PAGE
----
The term 'I/V characteristic' refers to a graph which shows how the current (I) flowing through a component changes as the potential difference (V) across it is increased. The shallower the gradient of this type of graph, the greater the resistance of the component. A curve in the graph shows resistance is changing. An I/V graph is obtained for a circuit by measuring variation of current with p.d. for a component. This is done by using either of the following;
- A potential divider to vary the p.d. from zero
- A variable resistor to vary the current to a minimum
Side note: Circuit diagrams can be found for both of these circuits on page 53 of the AQA Physics A AS textbook by Nelson Thornes.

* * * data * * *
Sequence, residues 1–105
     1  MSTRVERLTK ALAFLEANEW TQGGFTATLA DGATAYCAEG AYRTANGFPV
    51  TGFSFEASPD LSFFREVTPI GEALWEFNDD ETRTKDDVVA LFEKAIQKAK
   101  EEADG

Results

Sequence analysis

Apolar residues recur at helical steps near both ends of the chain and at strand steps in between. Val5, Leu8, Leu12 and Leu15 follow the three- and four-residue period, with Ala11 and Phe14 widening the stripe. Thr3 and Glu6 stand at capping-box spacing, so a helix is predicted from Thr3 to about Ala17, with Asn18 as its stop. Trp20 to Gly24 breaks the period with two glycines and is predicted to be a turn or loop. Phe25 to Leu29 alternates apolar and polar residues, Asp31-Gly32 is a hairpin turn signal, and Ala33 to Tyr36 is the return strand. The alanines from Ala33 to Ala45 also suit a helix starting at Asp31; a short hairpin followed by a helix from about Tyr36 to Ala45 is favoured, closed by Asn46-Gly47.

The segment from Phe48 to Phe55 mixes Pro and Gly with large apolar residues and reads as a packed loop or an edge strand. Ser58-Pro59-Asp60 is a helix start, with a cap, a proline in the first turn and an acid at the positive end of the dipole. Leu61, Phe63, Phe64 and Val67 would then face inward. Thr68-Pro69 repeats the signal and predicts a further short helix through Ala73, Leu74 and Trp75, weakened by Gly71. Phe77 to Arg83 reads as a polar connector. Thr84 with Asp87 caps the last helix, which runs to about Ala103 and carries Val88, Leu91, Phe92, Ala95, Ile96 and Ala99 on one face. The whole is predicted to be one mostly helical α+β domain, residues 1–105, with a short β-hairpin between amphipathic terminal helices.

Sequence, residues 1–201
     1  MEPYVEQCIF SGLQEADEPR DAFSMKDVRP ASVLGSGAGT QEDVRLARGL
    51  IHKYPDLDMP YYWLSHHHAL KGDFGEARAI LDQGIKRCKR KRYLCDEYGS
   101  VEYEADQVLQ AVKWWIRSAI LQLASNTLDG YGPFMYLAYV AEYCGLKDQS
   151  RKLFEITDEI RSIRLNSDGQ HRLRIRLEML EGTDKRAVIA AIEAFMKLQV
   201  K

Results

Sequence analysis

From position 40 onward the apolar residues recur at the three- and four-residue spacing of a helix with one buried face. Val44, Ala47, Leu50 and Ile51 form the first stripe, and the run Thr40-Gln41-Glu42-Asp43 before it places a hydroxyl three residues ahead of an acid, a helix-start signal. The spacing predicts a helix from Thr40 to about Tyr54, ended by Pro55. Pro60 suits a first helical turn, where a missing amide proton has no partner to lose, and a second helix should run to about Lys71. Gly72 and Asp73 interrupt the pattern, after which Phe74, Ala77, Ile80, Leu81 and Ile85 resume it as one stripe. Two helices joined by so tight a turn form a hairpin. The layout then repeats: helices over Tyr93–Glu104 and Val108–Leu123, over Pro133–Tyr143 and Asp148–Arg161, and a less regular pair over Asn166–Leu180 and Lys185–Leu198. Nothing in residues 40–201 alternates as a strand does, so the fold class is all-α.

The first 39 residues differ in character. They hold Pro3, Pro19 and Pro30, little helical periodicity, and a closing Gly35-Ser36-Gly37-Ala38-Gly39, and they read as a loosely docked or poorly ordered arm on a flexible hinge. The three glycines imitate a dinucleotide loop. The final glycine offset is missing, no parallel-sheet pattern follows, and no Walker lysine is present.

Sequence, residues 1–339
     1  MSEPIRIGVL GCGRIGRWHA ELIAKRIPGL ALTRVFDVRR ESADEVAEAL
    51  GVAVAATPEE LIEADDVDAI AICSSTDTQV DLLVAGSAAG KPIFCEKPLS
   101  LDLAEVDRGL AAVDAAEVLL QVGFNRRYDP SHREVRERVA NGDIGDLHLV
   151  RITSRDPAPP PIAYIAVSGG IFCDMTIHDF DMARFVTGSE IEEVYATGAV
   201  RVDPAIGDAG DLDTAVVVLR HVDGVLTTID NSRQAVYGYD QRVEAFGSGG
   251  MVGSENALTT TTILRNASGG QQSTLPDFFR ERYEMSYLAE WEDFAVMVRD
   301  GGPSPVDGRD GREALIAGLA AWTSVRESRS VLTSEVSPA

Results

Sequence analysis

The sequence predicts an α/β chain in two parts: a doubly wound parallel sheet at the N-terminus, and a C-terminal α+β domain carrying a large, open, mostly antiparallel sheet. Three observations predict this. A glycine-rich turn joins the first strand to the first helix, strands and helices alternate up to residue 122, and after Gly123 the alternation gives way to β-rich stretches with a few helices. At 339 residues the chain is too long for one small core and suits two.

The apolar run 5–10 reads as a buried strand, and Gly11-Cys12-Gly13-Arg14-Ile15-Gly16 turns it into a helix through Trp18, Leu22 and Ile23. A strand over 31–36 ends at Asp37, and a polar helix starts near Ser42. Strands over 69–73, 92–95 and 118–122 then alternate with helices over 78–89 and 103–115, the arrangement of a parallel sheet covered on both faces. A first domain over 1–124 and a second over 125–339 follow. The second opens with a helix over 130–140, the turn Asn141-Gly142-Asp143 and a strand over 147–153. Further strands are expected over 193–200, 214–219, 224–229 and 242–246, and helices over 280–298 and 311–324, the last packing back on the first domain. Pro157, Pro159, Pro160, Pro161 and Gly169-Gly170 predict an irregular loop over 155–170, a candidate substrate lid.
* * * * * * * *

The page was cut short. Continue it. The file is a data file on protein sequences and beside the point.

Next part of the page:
At constant temperature, the current through a metallic conductor is directly proportional to the voltage. The characteristic graph for a metallic conductor is a straight line and this shows that resistance is constant. Metallic conductors are therefore ohmic as they have a constant resistance provided that their temperature doesn't change.
The characteristic graph for a filament lamp is a curve which begins shallow, then goes steep and then shallow again as…